Troop Advancement Map: Union Advance from McDowell to Fayetteville)
U.S. Department of the Interior, National Park Service, Branch of Plans and Design
After the Confederate victory at the Battle of Wilson’s Creek in Missouri on August 10, 1861, Union Major General Henry W. Halleck chose Brigadier General Samuel Ryan Curtis to lead the men who had fought at Wilson’s Creek and drive the Confederates out of southwestern Missouri. Confederate President Jefferson Davis chose Major General Earl Van Dorn to command the Confederate forces in the trans-Mississippi area and take back Missouri. By late February 1862, the Confederates had been pushed to the Arkansas-Missouri border, and Major General Sterling Price’s troops had been driven all the way into Arkansas. On February 17th, a skirmish took place at Pott's Hill near James Dunagin’s farm. Fresh Confederate troops from Brigadier General McCulloch's command, lead by Colonel Louis Hébert, marched North from the Confederate cantonment at Cross Hollows to assist Price. Their plan was to delay the Federal troops long enough for Price to be able to reach Cross Hollows.
The two sides exchanged fire, and after Hébert delayed Curtis enough, he withdrew and joined Price’s column. Price met Brigadier General McCulloch at Cross Hollows, and they continued deeper into Arkansas. After the skirmish, Curtis didn’t continue pursuing Price, but camped in the Little Sugar Creek valley. Local Unionists told him about the existence of the Confederate cantonment at Cross Hollows, and he decided to try to attack the rebel cantonment from the West. Brigadier General Alexander Asboth's troops were sent to Bentonville for reconnaissance. Asboth reported that the land West of the rebel camp was clear. On the 20th of February, the Confederates reached Fayetteville. Fayetteville was a major supply depot, and the Confederates couldn’t bring all the supplies with them on their retreat, so McCulloch ordered his men to take what supplies they could carry, and ordered the rest of the supplies be destroyed. Buildings were set ablaze to accomplish this, including buildings containing ammunition. The ensuing explosions destroyed several city blocks.
The Confederates continued south until they reached Telegraph Road near Strickler’s Station in the Boston Mountains. Union Brigadier General Curtis soon learned that Cross Hollows and Fayetteville had been abandoned by the Confederates. Since he knew he was outnumbered and running out of supplies, he decided to hold his position. He sent out raids, the largest of which was a reconnaissance mission commanded by Asboth to Fayetteville from February 22nd to 26th. Asboth occupied Fayetteville from the 23rd to the 26th, and the Unionist citizens were grateful for his presence. Curtis recalled Asboth’s force from Fayetteville because it was too close to the Confederate forces and because he thought there wouldn’t be enough supplies for them there. Curtis divided his army to gather forage, and occupied Cross Hollows with two “American” divisions. Brigadier General Franz Sigel went along McKissick’s Creek with the two “German” divisions under his leadership. On February 25th, a mounted force of about 500 men under Major Lawrence Sullivan “Sul” Ross from the 6th Texas Cavalry surprised Union Captain Montgomery at Keetsville, killing two federal soldiers and taking 60 to 70 horses.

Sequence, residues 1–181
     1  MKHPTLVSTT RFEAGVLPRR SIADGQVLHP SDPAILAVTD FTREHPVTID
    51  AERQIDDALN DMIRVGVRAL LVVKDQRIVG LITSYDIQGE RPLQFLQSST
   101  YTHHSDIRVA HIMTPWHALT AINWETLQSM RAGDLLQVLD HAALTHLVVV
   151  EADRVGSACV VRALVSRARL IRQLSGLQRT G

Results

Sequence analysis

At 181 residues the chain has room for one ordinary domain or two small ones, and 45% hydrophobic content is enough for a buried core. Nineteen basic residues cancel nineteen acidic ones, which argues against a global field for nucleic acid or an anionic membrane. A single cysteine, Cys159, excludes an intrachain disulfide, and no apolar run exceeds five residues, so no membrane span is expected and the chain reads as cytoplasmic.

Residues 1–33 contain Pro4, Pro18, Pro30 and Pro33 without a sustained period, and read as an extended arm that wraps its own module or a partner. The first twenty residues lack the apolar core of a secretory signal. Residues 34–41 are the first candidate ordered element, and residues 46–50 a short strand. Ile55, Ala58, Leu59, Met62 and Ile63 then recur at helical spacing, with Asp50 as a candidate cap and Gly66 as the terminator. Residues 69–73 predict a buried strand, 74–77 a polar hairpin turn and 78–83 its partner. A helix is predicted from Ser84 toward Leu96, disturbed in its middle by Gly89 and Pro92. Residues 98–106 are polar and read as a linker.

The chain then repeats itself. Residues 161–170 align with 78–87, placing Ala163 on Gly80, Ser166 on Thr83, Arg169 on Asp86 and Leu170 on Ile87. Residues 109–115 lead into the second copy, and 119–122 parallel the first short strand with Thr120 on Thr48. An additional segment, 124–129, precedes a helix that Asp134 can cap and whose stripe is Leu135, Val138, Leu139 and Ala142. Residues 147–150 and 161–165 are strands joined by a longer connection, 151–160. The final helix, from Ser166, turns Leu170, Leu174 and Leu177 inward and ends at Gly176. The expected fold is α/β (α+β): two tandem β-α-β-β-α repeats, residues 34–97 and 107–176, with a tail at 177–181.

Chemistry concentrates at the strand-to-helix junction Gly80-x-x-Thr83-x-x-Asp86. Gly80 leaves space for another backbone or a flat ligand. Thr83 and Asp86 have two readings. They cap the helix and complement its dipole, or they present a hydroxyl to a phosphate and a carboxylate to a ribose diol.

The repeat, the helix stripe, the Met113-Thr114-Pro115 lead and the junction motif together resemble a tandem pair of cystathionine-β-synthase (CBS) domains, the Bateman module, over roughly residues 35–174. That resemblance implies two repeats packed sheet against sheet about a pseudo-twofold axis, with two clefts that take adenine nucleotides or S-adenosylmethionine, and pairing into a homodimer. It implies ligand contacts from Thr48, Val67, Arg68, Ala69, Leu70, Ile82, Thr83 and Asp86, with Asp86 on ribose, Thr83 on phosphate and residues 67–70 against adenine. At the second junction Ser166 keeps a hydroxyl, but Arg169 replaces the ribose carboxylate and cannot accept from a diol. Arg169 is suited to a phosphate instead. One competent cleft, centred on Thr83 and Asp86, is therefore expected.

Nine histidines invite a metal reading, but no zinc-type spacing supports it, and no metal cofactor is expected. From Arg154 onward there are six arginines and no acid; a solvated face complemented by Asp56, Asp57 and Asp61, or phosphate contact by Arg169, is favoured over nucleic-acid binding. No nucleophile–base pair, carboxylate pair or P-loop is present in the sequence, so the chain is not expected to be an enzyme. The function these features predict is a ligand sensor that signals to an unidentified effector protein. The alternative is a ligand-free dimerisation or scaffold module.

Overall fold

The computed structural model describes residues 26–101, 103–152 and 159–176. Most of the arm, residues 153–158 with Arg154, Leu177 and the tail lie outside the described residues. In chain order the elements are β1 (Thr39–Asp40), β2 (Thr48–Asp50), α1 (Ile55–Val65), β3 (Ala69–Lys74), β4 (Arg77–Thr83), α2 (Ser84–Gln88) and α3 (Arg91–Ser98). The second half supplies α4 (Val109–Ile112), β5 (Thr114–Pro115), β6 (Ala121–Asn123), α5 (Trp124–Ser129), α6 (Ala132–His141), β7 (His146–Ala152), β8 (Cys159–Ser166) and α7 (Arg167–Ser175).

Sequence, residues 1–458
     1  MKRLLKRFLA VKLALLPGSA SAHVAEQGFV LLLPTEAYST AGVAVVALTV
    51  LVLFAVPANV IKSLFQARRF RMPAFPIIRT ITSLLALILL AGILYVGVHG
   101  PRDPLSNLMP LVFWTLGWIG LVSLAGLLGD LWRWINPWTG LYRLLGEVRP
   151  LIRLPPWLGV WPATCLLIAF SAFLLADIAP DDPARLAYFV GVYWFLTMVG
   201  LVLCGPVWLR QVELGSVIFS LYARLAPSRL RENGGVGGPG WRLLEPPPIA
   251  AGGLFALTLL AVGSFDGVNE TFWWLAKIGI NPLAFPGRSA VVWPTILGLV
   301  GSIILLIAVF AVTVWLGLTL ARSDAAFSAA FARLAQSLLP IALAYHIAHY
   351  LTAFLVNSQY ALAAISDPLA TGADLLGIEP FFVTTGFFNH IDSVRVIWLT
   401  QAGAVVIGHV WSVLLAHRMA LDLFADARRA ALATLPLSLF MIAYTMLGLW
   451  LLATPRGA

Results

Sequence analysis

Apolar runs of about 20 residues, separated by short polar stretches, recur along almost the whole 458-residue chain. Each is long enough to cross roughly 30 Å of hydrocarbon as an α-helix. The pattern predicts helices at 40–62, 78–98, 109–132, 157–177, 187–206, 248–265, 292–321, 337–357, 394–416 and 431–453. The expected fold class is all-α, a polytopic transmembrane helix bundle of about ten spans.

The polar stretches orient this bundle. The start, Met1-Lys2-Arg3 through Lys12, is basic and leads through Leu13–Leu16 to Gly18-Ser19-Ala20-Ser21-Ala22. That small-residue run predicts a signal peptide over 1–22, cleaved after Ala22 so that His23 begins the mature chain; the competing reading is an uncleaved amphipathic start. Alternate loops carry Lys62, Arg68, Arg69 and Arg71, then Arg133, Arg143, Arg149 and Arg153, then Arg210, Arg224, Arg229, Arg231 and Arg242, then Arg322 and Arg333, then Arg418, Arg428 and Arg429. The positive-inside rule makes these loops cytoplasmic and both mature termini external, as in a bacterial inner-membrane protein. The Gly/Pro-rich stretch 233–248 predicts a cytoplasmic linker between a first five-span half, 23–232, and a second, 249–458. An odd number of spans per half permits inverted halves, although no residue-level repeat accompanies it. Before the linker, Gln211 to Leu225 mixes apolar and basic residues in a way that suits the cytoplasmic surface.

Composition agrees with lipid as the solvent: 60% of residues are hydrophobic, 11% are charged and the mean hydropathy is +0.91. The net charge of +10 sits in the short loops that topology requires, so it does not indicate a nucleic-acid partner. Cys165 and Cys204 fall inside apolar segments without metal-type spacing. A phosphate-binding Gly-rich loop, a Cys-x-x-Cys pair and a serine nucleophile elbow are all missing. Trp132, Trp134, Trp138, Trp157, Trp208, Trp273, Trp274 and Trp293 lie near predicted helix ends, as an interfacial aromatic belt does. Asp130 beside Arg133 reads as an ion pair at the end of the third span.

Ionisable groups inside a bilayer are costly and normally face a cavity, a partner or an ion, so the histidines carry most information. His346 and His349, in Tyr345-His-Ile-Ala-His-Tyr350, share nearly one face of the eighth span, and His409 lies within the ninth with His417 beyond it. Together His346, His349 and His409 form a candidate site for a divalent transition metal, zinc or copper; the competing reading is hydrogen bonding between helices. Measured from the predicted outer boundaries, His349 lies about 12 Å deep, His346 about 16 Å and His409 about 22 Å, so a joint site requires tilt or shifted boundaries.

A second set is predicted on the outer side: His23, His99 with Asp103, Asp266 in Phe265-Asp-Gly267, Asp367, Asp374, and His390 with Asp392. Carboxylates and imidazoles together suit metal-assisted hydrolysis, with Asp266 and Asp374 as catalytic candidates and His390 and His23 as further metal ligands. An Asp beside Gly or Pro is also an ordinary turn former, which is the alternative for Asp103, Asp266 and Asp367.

The Battle of Pea Ridge would take place the following month, on March 6th and 7th, 1862. Though the Confederate forces outnumbered its Union counterparts, the Union victory at Pea Ridge would cement Union control of Missouri and northern Arkansas for the duration of the war.
This map shows troop movements of and the engagements between Union and Confederate forces in the weeks leading up to the Battle of Pea Ridge, also known as the Battle of Elkhorn Tavern.
Map, 11” x 8.5”
American Civil War; maps
Arkansas; Missouri; Oklahoma; Indian Territory; Fayetteville, Washington County. (Ark.); McDowell, Barry County. (Mo.); Benton County (Ark.); Ozark Mountains; Keetsville, Barry County. (Mo.)
Historical Maps Collection
Arkansas State Archives
Map of Troop movement to Fayetteville, Arkansas (Troop Advancement Map: Union Advance from McDowell to Fayetteville), Map 2120, Arkansas State Archives, Little Rock, Arkansas.
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